Imposing a nationwide cap on benefits will "encourage people into work", the government has said, as the plan is rolled out in four London boroughs.
Couples and lone parents in Haringey, Enfield, Croydon and Bromley will not receive more than £500 a week while a £350 limit applies to single people.
But critics said the cap failed to tackle underlying issues, like the cost of housing and regional differences.
The cap will be imposed across England, Scotland and Wales from July.
Jobseeker's allowance, income support, child and housing benefit count towards it, but not Disability Living Allowance.
The cap, which is not yet law in Northern Ireland, is said to reflect the average working household income.
Ministers say welfare spending needs to be reduced and they claim that the threat of the introduction of the cap has already spurred 8,000 claimants who would have lost out to find jobs.
Speaking on the BBC Radio 4's Today programme, employment minister Mark Hoban said that if people want to escape the benefits cap "the best way to do it is to move into work".
"I think what people want to see is a benefit system that's fair, that's affordable, that encourages people into work and these reforms help deliver that," he added.
And, in a message on Twitter, David Cameron hailed "a big day for welfare reform as we pilot a cap on benefits equal to the average wage" - adding "amazingly Labour oppose it".
Jobseeker's allowance, income support, child benefit and housing benefit are on a long list of payments which count towards the calculation of the cap, which is expected to see cuts of about £90 a week on average for the 40,000 households affected.
Sarah Burns, a single mother, told the BBC she would lose about £90 of the more than £500 she receives every week.
She said: "Obviously we will have to cut down on shopping bills. And we'll have to cut our use of gas and electricity. It's really that serious.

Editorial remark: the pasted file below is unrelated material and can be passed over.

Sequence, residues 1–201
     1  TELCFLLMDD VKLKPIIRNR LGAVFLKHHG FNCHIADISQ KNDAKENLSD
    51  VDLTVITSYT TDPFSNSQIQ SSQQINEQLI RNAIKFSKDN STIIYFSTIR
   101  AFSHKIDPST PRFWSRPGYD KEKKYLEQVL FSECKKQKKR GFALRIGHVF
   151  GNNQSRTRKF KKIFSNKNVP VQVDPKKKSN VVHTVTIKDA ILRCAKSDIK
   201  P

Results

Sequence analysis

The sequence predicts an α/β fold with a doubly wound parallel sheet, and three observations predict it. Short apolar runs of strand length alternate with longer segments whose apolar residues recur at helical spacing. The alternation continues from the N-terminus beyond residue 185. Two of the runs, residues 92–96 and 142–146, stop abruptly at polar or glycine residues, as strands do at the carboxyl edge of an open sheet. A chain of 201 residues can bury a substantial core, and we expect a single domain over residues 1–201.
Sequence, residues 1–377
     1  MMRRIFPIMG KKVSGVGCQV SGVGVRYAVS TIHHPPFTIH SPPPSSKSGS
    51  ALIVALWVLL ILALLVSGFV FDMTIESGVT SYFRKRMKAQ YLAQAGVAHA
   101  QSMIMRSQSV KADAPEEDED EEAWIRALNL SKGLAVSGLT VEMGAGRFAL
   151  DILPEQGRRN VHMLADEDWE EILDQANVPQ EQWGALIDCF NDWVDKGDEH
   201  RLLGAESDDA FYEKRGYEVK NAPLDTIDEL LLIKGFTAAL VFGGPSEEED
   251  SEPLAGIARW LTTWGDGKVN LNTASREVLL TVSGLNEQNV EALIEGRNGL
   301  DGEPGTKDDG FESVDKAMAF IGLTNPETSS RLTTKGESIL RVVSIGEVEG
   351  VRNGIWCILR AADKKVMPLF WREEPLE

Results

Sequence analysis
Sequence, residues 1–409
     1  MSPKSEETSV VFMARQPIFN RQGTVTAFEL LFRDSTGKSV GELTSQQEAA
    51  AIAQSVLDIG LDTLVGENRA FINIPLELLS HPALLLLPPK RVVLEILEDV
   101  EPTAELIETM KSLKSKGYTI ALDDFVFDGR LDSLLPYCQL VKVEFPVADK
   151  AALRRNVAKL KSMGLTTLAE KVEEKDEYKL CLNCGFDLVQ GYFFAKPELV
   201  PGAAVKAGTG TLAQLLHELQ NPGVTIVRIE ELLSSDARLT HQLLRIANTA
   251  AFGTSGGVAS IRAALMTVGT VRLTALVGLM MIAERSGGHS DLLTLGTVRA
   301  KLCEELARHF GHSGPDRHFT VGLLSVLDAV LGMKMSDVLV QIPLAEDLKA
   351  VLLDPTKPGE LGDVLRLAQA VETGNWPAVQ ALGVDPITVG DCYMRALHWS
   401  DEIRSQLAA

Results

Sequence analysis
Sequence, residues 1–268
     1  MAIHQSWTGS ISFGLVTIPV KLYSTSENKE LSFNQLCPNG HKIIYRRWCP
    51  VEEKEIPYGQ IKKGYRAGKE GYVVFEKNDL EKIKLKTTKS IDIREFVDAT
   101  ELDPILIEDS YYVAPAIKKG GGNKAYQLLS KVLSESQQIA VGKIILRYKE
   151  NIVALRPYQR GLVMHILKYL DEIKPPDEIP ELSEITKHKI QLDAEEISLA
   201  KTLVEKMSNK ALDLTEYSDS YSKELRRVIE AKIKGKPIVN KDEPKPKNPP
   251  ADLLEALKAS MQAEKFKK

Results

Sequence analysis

"Activities that the children do, like school trips and scout cubs, I probably won't be able to afford anymore."
People on Disability Living Allowance (and the Personal Independence Payment replacing it) will be among those exempt from the cap. To encourage people to seek work, ministers have decided that people with a job who receive Working Tax Credit will also not be affected.
The Department for Work and Pensions says about £90bn was paid out in benefit payments to people of working age and their families in 2009-10. It hopes the cap will save about £110m a year.
Business Secretary Vince Cable told BBC Radio Tees that he believed "most people" agreed with the "basic principles" of the changes - that no-one should be getting more in benefits than the average wage of someone in employment.
But he added: "These reforms are very controversial and some people are going to get hit unfortunately.
"Inevitably you will get hard cases. You have to create some support for the hard cases so we don't have real difficulty".
Labour leader Ed Miliband said the welfare bill was rising not falling.
"The first thing the government should be doing to reform welfare is to put people back to work and offer people real jobs with real responsibilities," he said.
"We've said we're in favour of a benefit cap but it has got to be adjusted regionally depending on housing costs in each region. The danger of the way the government is doing the cap is that it forces people into temporary accommodation, bed and breakfasts, which drives up costs not reduces them."
Gingerbread, a charity which campaigns on behalf of single parents, said it was "deeply concerned" about the impact the cap would have on families and communities.
"The cap doesn't begin to tackle the underlying problems of the shortage of low-cost social housing," it said.
"We fear that many children will be pushed deeper into poverty or uprooted from their communities, schools and family networks as a result."
The TUC said it was wrong to suggest the cap had spurred people into finding work and it was asking the statistics watchdog to determine whether ministers had "misused" information.
"The government's own analysts say that 16,000 fewer people will be affected because ministers have changed the rules about who is eligible, not because of any change in behaviour," said its general secretary Frances O'Grady.
And Jonathan Portes, director of the National Institute of Economic and Social Research and a former chief economist at the Department for Work and Pensions, said there was "no evidence at all" that the cap had affected people's behaviour.